Home News Xi Jinping heads to friendly ports in Eastern Europe disenchanted with China

Xi Jinping heads to friendly ports in Eastern Europe disenchanted with China

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When Chinese leader Xi Jinping last visited Europe’s former communist east in 2016, the president of the Czech Republic hosted him for a three-day flag-flying state visit and said the country would become an “unsinkable aircraft carrier” for Chinese investment.

The ship later sank due to China’s support for Russia in the Ukraine war and extreme frustration with a project that never materialized. Also overturned are Eastern and Central Europe’s high expectations for China’s huge capital.

So when Xi Jinping returns to the region this week after visiting France, he will be traveling to Serbia and Hungary, two countries whose long-serving authoritarian leaders still offer China a safe haven in an increasingly volatile political and economic landscape.

“Czechs, Poles and almost everyone else are angry at China because of the war,” said Tamas Matura, a foreign relations scholar at Corvinus University in Budapest. “But in Hungary, it’s Not a problem, at least not for the government.”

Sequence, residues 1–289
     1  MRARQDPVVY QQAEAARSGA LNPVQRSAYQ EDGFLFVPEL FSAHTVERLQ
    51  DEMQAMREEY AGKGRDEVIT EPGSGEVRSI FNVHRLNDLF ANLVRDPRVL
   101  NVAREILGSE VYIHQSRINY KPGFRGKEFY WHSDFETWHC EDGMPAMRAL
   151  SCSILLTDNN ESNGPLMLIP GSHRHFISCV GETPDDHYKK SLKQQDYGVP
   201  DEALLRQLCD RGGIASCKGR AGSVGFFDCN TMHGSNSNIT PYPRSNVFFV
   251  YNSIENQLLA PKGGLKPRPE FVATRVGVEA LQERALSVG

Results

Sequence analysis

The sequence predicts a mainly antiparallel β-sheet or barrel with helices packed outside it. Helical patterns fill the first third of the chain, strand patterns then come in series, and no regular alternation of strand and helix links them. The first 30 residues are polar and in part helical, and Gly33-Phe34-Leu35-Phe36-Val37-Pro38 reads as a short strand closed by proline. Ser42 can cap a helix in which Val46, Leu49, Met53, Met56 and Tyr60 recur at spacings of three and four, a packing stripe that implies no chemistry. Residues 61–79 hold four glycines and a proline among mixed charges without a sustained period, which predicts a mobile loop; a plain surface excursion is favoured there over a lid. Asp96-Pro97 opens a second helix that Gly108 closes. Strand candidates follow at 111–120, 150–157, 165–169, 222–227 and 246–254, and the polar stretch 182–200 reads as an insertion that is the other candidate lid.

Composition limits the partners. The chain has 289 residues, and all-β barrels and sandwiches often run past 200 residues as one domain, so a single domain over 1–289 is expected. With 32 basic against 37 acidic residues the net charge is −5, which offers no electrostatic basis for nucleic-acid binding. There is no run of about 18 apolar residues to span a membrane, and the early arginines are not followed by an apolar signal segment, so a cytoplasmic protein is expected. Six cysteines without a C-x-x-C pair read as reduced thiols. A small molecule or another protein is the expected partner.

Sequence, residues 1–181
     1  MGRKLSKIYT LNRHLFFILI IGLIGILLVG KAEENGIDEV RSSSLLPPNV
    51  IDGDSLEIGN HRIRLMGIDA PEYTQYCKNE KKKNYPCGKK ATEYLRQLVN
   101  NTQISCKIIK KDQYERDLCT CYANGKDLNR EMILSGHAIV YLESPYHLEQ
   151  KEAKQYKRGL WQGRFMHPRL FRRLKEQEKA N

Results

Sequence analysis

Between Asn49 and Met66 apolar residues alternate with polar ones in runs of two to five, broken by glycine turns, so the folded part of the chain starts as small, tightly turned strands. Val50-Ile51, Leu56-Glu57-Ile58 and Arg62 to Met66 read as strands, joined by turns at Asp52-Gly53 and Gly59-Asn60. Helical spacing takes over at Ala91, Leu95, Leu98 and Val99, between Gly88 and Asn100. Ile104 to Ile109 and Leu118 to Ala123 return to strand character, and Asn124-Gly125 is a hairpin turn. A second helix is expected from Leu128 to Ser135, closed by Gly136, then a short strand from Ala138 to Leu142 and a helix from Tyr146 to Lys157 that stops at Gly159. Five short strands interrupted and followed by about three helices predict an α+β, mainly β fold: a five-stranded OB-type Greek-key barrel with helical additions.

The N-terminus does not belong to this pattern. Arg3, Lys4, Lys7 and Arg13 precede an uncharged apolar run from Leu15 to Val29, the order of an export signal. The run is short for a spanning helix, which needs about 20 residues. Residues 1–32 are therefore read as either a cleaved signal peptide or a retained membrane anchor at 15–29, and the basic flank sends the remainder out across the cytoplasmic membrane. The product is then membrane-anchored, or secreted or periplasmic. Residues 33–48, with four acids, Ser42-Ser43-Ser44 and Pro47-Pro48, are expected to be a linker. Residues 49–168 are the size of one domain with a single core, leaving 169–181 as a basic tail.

China’s Kremlin-friendly stance on the Ukraine war is also not a problem for Serbian President Aleksandar Vucic, who, like Mr Orban, has maintained friendly relations with Russia and China while receiving billions dollars in Chinese investment.

In an interview with Chinese state television this week, Mr Vucic gave a foretaste of the sycophancy to come during Xi Jinping’s visit: “There are thousands of things we can and should learn from our Chinese friends,” the Serbian the president said.

“Taiwan is China — full stop,” he added.

Czech President Milos Zeman receiving Xi Jinping in 2016 He was replaced last year by former top NATO general Petr PaveMr Hupavel’s conversation with Taiwan’s president angered the Chinese government, which Beijing claims as part of its territory. said in the interview He believes that China is “not a friendly country.” Chinese investment in the Czech Republic has slowed to a trickle.

Meanwhile, Chinese money poured into Hungary and Serbia, cementing close ties based on shared U.S. vigilance.

China’s showcase infrastructure project in the region – a high-speed railway between Belgrade and Budapest – has been slow to progress due to regulatory and other issues. Of the roughly 200 miles of planned track, only about 60 are operational after five years of work — for a project that Beijing sees as a key component of its Belt and Road infrastructure plan, Xi Jinping’s favorite foreign policy initiative. Generally speaking, progress is slow.